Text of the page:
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Disneyland Article
Haunted Mansion Is Celebrating It Is 50th Anniversary And These Grim Grinning Ghosts Have Plenty Of Memories

Haunted Mansion
Orange County Register
Marla Jo Fisher
August 07, 2019
August 14, 2019
Welcome, foolish mortals, to this tale of a haunted house so legendary that it’s lasted 50 years. That’s right, it’s been half a century since the Haunted Mansion opened in Disneyland as a landmark of New Orleans Square.

Since then, this antebellum manor, known to millions as the “home of 999 ghosts with always room for one more,” has spawned books, tribute websites and Facebook pages, a major motion picture, sound recordings, replicas at other Disney parks around the globe and legions of devoted fans.

“It’s timeless and is all done in the classic Disney, family-friendly tradition,” said Donna Collins, who’s such a fan that she built a replica in her husband’s office. “In the day and age of CGI, the feeling of having someone or something watching you or a cold chill brush by you still evokes the same fearful response in all of us.”

Disneyland opened in 1955, and not long afterward, plans were considered to build a New Orleans Square on the former Holidayland beside the Rivers of America.

Along with Pirates of the Caribbean, a “ghost house” was conceived, although it was originally envisioned as an attraction that people would walk through. Later, the “doom buggies” that carry guests through the scenes were added, after the invention of the “Omnimover” technology made it possible.

Early designers wanted the house to have a dilapidated, spooky facade, but Walt Disney didn’t want anything shabby in his park, so it looks like a Southern plantation house on the outside — to look appropriate for its New Orleans location. Construction began in 1962, was delayed while Disney worked on projects for the 1964-1965 New York World’s Fair, and finally opened to guests on Aug. 9, 1969.

Disney executive and designer Kim Irvine, who today is responsible for the overall look of Disneyland, remembers wandering as a schoolgirl around the Disney model shop at WED Enterprises — the precursor to Walt Disney Imagineering — in Glendale in the 1960s as her mother, famed Imagineer Leota Toombs, worked on the detailed model for the ghost house building.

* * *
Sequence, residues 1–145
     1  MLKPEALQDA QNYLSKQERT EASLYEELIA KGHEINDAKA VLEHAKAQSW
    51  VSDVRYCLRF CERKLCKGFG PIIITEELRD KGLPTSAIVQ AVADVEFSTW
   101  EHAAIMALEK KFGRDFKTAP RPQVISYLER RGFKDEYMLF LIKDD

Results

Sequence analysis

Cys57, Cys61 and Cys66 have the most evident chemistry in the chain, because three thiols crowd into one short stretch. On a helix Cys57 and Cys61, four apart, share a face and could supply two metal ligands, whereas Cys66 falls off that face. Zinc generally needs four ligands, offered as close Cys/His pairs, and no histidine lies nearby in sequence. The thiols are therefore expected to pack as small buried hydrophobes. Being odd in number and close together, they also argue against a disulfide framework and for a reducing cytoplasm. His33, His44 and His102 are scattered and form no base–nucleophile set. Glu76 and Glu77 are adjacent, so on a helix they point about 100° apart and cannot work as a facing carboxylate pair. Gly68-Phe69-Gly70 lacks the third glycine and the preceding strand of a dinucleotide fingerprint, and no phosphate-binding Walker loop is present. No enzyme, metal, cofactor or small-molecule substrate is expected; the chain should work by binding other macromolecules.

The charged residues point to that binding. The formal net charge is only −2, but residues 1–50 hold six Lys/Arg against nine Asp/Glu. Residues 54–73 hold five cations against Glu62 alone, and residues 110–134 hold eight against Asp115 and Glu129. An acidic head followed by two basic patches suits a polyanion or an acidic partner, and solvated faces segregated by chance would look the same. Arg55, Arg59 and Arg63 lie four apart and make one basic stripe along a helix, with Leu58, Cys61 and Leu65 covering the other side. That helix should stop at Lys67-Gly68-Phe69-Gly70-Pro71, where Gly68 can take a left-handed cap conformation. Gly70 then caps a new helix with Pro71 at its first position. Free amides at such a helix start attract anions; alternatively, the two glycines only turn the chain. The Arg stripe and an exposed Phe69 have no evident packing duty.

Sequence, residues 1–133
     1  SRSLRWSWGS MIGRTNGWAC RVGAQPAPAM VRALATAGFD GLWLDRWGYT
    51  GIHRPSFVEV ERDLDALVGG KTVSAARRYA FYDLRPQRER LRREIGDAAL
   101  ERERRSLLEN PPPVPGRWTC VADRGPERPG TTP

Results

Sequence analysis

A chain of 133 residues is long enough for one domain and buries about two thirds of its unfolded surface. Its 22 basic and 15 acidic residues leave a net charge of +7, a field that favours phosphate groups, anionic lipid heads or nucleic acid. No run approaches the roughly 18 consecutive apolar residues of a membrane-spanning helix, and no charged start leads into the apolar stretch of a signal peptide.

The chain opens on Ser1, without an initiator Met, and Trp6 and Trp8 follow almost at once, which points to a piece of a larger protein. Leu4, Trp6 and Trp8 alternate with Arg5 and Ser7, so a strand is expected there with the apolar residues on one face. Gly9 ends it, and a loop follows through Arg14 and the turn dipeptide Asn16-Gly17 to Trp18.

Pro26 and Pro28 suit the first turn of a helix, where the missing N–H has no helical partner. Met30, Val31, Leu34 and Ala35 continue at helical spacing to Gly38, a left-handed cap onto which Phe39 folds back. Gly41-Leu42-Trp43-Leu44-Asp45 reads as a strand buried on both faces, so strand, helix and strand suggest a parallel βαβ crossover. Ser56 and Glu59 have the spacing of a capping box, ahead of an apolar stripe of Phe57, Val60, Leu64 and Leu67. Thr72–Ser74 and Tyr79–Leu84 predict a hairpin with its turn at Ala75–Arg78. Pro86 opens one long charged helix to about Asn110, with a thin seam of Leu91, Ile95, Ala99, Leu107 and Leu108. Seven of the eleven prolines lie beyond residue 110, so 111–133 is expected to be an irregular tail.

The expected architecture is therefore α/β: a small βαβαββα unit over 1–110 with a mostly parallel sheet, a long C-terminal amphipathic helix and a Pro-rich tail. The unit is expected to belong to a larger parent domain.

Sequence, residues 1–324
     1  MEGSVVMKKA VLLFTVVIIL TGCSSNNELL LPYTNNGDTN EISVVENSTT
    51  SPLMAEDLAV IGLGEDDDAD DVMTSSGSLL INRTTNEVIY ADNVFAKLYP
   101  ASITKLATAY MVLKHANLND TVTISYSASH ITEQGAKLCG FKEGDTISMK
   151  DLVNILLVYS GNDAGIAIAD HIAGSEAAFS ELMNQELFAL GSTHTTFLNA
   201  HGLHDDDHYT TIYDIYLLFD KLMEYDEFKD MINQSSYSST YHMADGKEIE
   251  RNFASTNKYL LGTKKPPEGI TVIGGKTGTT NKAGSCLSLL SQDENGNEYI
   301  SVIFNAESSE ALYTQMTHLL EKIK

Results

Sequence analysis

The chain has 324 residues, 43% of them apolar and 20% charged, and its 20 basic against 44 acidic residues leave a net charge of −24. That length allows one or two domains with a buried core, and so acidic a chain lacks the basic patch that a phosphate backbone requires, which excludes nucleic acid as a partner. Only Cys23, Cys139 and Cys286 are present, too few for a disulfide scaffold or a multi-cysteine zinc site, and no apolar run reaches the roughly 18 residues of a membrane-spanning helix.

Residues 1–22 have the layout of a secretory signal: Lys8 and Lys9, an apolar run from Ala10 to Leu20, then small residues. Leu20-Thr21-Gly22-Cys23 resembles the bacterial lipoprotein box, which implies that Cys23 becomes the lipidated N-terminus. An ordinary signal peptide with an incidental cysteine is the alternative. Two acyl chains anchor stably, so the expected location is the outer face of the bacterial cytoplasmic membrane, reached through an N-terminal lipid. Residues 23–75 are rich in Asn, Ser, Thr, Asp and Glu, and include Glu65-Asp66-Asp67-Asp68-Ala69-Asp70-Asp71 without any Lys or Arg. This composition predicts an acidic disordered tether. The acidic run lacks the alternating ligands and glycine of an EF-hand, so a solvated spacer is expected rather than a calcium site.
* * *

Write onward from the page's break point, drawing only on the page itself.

“All the model builders, including my mom, would bring things in from home, or go to the Salvation Army, to put on the model,” Irvine said. “I would see things missing from our home, and then find them on the model.”

Irvine, a self-described “Disney brat” whose parents helped create the Disney empire, remembers when a Disney sculptor was working on creating a crystal ball with a disembodied floating head inside, and needed a model to test his invention.

He cast his eyes around the shop and asked Irvine’s mother to help with the test. As a result, her mother was chosen to become the disembodied floating head called Madame Leota inside the crystal ball that creates an incantation inside the seance room — one of the memorable moments from the ride.

Much later, Irvine herself was asked to also be the head inside the crystal ball, for the seasonal Nightmare Before Christmas overlay that began appearing each holiday season in 2001.

One of the challenges in creating the haunted house was to evoke an entertainingly spooky atmosphere in a way that wasn’t too frightening for children. Scenes inside the house include a hanging, myriad ghosts and portraits that turn into ghoulish scenes.

According to tribute website DoomBuggies.com, an early working title for the mansion was “Bloodmere Manor,” where a sea captain known as Captain Blood and his bride all die in the house.

That idea was abandoned as many others were floating around, with designers even researching other famous houses such as the Winchester House in San Jose for inspiration. The death of Walt Disney during the process also led to delays, as there were disagreements about whether the house was to be scary or funny.

Ultimately, it became both, with scenes featuring, among others, a murderous bride and “hitchhiking ghosts.”

In a recent interview, actress Kat Cressida recalled being hired in 2006 to become the voice of a revamped skeletal ghost bride in the attic scene.

“Her story was that she was the last living resident of the mansion,” Cressida said she was told. “She resided in her attic reliving all of the joyous moments of beheading each husband and looking for her next … in the afterlife!”

The Haunted Mansion has continued to be one of the park’s top attractions despite its age, especially at Halloween and Christmas, when long lines develop to see the seasonal overlays.

Even many of the people who work there have become ardent fans. They recently held a 50th reunion of their own, to celebrate their friendships and romances that were sparked while working the attraction.

Eve Atkins met her husband, Dave, in 1989 when they both worked as hosts at the Haunted Mansion, where attractions hosts are dressed as old-fashioned butlers or maids. She was 19 and they met on the first day she worked there as a new hire. He was cross-training. She was an attractions hostess. They started dating, and later married.

“My husband is a goofball,” Atkins said. “He likes to say it was love at first fright.”
Attractions Referenced

Haunted Mansion

Haunted Mansion Holiday


Pirates Of The Caribbean

Lands Referenced

New Orleans Square

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